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Walker, Wisconsin Companies Voice Opposition To Trump’s Proposed Tariffs On Steel, Aluminum

MillerCoors, Lakefront Brewery Worry Tariffs Could Lead To Job Losses Across Beer Industry

steel worker
Paul Sancya/AP Photo

Republican Wisconsin Gov. Scott Walker is opposing President Donald Trump’s proposed tariffs on steel and aluminum imports, asking that he reconsider.

Walker joined the backlash Friday against Trump’s proposal that will likely raise steel and aluminum prices in the United States.

Walker said American companies that will feel the negative impact of the tariffs can move their operations to another country, such as Canada, and not face new tariffs on the sale of their products.

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“This scenario would lead to the exact opposite outcome of the administration’s stated objective, which is to protect American jobs,” Walker said.

Walker said if Trump’s goal is to protect jobs, particularly in Wisconsin, he should reconsider the tariffs, especially on ultra-thin aluminum.

Wisconsin-based companies such as MillerCoors and Lakefront Brewery share Walker’s concerns.

MillerCoors, which owns Wisconsin brands like Leinenkugel’s, said in a statement Thursday it was disappointed in Trump’s announcement.

“Like most brewers, we are selling an increasing amount of our beers in aluminum cans, and this action will cause aluminum prices to rise,” the statement read. “It is likely to lead to job losses across the beer industry.”

According to the Brewers Association, a national group of independent brewers, craft breweries alone employ more than 130,000 people. That number includes manufacturing jobs.

The association also reports 98 percent of can sheet aluminum is produced in the U.S.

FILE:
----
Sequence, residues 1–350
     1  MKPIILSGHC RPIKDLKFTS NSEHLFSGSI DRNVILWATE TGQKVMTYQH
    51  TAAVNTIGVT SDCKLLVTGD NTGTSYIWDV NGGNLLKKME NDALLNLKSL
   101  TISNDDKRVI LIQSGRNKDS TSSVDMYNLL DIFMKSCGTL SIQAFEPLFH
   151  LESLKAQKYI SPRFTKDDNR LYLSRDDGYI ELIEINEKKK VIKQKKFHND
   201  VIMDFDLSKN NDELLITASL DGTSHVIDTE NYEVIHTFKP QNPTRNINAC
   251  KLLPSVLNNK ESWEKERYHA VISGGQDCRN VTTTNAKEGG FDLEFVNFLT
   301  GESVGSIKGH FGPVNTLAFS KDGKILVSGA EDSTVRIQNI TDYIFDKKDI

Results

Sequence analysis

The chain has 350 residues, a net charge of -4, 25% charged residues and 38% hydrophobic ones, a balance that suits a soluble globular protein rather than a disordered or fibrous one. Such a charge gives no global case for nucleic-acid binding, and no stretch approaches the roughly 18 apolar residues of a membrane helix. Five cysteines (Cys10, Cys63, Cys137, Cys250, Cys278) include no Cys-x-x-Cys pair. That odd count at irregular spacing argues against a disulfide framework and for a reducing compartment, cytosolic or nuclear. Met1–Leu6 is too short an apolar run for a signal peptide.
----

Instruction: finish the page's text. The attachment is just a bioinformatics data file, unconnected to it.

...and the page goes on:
But Russ Klisch, president of Lakefront Brewery, says the tariff could make it harder for the industry to expand canning operations. He says anytime there’s a price increase in the industry, there are concerns.

“It always has a cascading effect from what the tariff would be, to what the can manufacturer is going to charge us, then the increase from if the brewers feel if they’re going to need to increase charges or just end up eating the cost — that’s the concern right now,” he explained.

But for a company like Lakefront, which Klisch says is the largest craft beer exporter in Wisconsin, the bigger worry is the potential for a “trade war.”

“We sell a lot to (South) Korea, Canada, those other places like Ukraine,” said Klisch who also sells beer in Japan and Australia. “I’m always afraid that if the aluminum is coming from one of these (countires), they might sit there and say well aluminum is in this product so we’re going to take your product increase and put a tariff on that coming to you.”

According to Grace Wang, an economics professor at Marquette University, trade disputes are not uncommon, but they can quickly escalate between large trading partners.

“We might see the U.S. raise tariffs now and then next month, or even less than a month, U.S. trade partners could raise tariffs on U.S. products to them,” explained Wang. “And next month the U.S. would probably come up with something else.”

Wang says there are several Wisconsin exports that could become targets in trade disputes, including dairy and agricultural products like soybeans.

Editor’s Note: This story was updated at 5:31 p.m. Friday, March 2, 2018 with original reporting from WPR staff.

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